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Avalanche terrain travel

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Re: Avalanche terrain travel

Postby taylorzs » Sat Apr 27, 2013 5:45 pm

apasquel wrote:I have very limited experience on slopes...but what I see on TRs and what I have learned seem to contradict. Everything I "know" says that while traveling on slopes with potential avy danger, you want to travel one person at at a time until reach safety zone...however, every mt. Shasta report I see climbers climbing side by side or on this site you the same thing on different 14ers...which got me thinking, many of the reports I've read in the last few years have many experienced, very competent backcountry travelers on this site traveling next to a partner in their TR. my assumption is...there are times when you can travel slopes together? I don't know...but I do know this, I am climbing sneffels next week and I would love your input on how to approach the lower slop and lav col with a partner. Can anyone give me a number on how steep the slopes are? With the next week weather forecast (really nice but warm trend), what should I be most concern with? I would imagine time and getting off the slopes before it gets too warm...


Yeah, all that is a bit contradictory huh? A couple thoughts here. ANYTIME it is remotely possible to travel on avalanche terrain one at a time I do. Even in a strong spring melt freeze cycle (which we are not in yet, atleast not in the northern/central Colorado mountains).
That is standard avalanche protocol, taught in any avalanche class on the planet. However, it is not generally reasonable to travel one at a time up a 3000 foot long snow couloir either. Standard backcountry practices of exposing one person at a time to avalanche hazard simply do not work in this type of situation. So yeah, pretty much anytime I am climbing up a snow couloir, unless I am by myself, I am generally climbing right next to several friends, and we are all exposed to the same avalanche hazard. In a very real sense, we take on a greater risk in this situation. This increased risk can be tempered by only doing this when the snow pack on the route has seen a strong consolidation cycle driven by daily melt freeze cycles for an extended period. We monitor the snow the whole way up and turn around if it starts to get water saturated. To the experienced eye, typical spring snow conditions (not this year!) are much more predictable and a lot can be told just by climbing on the surface of the snow(which is not true in a winter type snow pack, you have to dig).
I personally am comfortable with climbing straight up a snow couloir with friends next to me, under very specific, certain condtions. I feel that I have the skills, experience, and knowledge to evaluate the snow and take responsibility for my decision to go up a couloir with friends or not. In light of recent accidents, many of the deceased had similar experience levels and competancies to my own and probably felt the same way. You have to learn a lot about snow and recognize that a bad judgement call can mean your life, and your friends. This is a very serious responsibility to take on.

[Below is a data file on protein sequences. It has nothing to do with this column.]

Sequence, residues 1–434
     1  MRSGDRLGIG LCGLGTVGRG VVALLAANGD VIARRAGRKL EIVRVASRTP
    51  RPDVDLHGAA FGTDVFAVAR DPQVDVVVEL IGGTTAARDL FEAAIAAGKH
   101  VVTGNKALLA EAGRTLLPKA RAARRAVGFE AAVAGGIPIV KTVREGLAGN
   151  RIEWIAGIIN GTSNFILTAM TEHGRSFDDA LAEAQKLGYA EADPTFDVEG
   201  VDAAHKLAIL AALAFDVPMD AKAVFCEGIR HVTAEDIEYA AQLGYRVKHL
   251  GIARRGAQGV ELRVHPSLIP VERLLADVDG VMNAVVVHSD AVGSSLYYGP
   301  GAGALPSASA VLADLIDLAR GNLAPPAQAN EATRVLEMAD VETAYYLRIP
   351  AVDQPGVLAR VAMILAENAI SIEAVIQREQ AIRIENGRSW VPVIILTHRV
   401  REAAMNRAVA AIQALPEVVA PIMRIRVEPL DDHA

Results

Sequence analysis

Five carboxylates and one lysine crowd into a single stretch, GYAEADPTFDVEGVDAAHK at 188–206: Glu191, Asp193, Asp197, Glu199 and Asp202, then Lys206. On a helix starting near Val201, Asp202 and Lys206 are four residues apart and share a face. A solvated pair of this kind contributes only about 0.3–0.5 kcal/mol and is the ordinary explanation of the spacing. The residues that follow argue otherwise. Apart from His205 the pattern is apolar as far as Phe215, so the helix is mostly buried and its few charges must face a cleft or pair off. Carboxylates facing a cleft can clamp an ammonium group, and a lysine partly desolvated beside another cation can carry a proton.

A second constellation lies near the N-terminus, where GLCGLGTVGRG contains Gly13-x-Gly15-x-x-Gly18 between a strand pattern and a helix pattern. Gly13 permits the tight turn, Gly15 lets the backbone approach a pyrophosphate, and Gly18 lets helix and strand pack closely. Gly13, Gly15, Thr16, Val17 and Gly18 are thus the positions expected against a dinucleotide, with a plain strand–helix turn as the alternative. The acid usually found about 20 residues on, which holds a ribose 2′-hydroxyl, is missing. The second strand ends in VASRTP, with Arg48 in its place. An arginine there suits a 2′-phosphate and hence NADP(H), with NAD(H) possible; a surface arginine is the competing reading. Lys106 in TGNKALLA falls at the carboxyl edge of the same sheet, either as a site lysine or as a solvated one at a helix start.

On the plus side with experience, avalanche classes, and mentorship under more experienced avalanche travelors, it is my opinion that these types of travel practices CAN be done safely, as safe as driving your car down the interstate anyway. Accidents happen though! If you chose to travel on avalanche terrain, avalanches can happen, no matter how careful you are, but if you are well trained, experienced, and cautious, you can bring that hazard down to what I would consider an acceptable level, for myself anyway.
I do not know your skill level and am not competanet at evaluating your own abilities and knowledge. These are just my thoughts about my travel experiences/decision making practices in avalanche terrain, coming from a dude on an internet forum so take them with a grain of salt.
I have climbed and snowboarded the Lavender Col. It is an avalanche path that is plenty steep to slide (probably 35-42 degrees). Getting off the snow early before it gets soft will be important. The couloir is south facing is I remember correctly so it gets early sunhit too. There are a lot of factors that go into understanding whether that slope is safe or not and I cannot tell you all about that on an internet forum. It is too complex and something learned over years of travel. A little advice though, if you do go; I would absolutely want to be back down at the base of the couloir, done with the climb, by 10am at the latest. I would not go if overnight lows are close to freezing or warmer. You need a solid overnight freeze. I believe the San Juans are a bit more stable over all (relatively speaking) to the rest of the state right now but there could still be lurking deep slab instablities too that could go at any time too. This is common in the northern/ central mountains right now. If you hear whumping or see cracking or recent avalanche actrivity in the area turn around.
Those maps that show pitch angle are good for initial planning but they are no substitute for evaluating terrain when you are actually there. They give you a very broad, macro view of terrain pitches. Small slopes that slide (and are plenty big to kill you) do not always show up on a map like that. It is a tool, but only one of many to be used in combination to travel safely in the mountains on snow.
Good luck if you do go and be safe! Zach
"May your trails be crooked, winding, lonesome, dangerous, leading to the most amazing view. May your mountains rise into and above the clouds." Edward Abbey
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Re: Avalanche terrain travel

Postby WSN » Sat Apr 27, 2013 7:36 pm

taylorzs wrote: